Productivity is at it’s most effective when everyone’s singing from the same (clearly typed) hymn sheet. Matthew has been running our impactful boss-PA, one day ‘How to Get Things Done’ coaching sessions and wrote this post outlining how to becomes a super slick boss-PA tag team over at his blog Mox Nox in Rem
At Think Productive UK, we spend a lot of time looking at how individuals and small teams organise themselves. The smallest team we ever see is the Boss-PA team, and it is constantly amazing how, often, this relationship doesn’t work.
There are probably three areas where it falls down – structure, process and philosophy…
Structure. The general rule tends to be ‘Shall we sit down once a day (or once a week) and go through everything’ This won’t really work. The team needs to have a daily structured review of ‘What’s on your list?’ time, relieved by a pressure valve for emergencies, and a weekly sweep-through of everything.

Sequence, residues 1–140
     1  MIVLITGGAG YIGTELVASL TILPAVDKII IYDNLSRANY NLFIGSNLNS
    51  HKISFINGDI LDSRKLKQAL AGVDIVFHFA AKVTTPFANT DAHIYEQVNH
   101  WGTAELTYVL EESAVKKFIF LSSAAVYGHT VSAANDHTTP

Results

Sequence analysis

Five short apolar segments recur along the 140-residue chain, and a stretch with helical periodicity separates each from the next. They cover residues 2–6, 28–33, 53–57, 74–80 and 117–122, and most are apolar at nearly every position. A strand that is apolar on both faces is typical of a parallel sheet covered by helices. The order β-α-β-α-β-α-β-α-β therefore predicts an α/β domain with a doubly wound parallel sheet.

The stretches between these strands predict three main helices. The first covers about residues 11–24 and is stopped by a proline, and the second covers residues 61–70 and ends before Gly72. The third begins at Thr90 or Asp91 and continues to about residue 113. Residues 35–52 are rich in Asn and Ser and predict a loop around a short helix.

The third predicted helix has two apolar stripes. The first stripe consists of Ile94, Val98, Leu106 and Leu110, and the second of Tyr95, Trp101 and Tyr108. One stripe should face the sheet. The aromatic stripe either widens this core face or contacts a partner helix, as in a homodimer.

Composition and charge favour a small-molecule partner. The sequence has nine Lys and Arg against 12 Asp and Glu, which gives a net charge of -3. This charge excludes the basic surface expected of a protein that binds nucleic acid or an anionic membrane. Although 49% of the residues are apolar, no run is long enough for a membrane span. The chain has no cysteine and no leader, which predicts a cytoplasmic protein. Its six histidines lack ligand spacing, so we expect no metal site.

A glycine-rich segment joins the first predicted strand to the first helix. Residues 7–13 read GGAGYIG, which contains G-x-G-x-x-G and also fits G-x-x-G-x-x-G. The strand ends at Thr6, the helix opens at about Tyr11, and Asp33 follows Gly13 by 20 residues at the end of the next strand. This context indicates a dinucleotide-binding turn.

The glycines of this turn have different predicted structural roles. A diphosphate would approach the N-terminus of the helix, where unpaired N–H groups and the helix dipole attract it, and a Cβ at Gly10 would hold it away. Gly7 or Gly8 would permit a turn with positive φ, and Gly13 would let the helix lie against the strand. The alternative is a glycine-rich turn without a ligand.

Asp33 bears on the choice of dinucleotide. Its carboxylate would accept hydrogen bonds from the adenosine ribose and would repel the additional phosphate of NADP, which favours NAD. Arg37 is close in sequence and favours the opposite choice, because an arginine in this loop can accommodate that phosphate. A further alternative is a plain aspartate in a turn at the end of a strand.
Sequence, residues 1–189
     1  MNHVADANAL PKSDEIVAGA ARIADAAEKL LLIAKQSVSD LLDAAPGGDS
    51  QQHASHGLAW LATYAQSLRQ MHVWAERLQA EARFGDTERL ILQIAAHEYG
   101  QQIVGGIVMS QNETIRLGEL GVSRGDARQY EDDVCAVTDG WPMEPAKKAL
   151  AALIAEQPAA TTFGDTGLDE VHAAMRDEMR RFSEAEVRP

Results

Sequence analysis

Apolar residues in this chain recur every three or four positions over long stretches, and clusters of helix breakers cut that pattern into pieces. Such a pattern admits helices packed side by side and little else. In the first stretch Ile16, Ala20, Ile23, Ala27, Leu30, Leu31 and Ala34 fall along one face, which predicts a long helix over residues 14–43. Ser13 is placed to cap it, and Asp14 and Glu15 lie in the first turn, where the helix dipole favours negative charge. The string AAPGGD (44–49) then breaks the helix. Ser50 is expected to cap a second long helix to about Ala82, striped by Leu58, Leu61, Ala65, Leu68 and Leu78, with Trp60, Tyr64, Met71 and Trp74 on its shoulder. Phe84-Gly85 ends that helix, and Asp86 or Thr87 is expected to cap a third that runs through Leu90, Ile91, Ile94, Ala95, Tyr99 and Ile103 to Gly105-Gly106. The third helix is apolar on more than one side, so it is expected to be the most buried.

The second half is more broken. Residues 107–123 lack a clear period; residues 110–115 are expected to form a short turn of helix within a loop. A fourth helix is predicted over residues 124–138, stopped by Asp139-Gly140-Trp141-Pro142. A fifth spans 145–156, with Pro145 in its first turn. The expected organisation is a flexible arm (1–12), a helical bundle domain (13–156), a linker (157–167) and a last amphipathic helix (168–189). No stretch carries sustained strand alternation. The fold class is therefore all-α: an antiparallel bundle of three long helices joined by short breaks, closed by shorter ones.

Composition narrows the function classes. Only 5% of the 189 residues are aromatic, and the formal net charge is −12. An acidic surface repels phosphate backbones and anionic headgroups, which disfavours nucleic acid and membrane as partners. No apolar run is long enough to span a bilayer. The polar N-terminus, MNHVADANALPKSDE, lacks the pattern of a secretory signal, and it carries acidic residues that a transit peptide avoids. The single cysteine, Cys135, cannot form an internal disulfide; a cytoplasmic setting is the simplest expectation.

Process. Often there is no commonality of vision, or of language, in the relationship. The team needs to ask the key questions about Projects and Next Actions, review ‘Waiting For’ lists, address Agendas, and ask the ‘big picture’ questions.
Philosophy. Often it’s about compliance – ‘Have we ticked off what was on the list?’ Often it is a constant, ‘Where are we on this?’ and ‘Have you done that?’ But ‘What are we trying to do, and what do we have to do to achieve it?’ needs to be the key questions. From big picture goal, to small picture action.
How do the best boss-PA teams work? In my experience they work exactly as the best individuals do – by bringing clarity to their Projects and Next Actions, through separate, focussed, up-front thinking. They use an Agendas system, reviewed once a day, to minimise interruptions. And they do a Weekly Review together, to sweep up loose stuff and bring clarity.
The best boss-PA teams work exactly as the best bosses and PAs do, just together. No magic, just Ninja Productivity.
Before you hit Google ‘Mox Nox in Rem’ means ‘Soon nightfall. To the business’ or in simpler terms ‘Let’s get on with it’. If you want Matthew to help you do just that sign up for his next public workshop in London in August.
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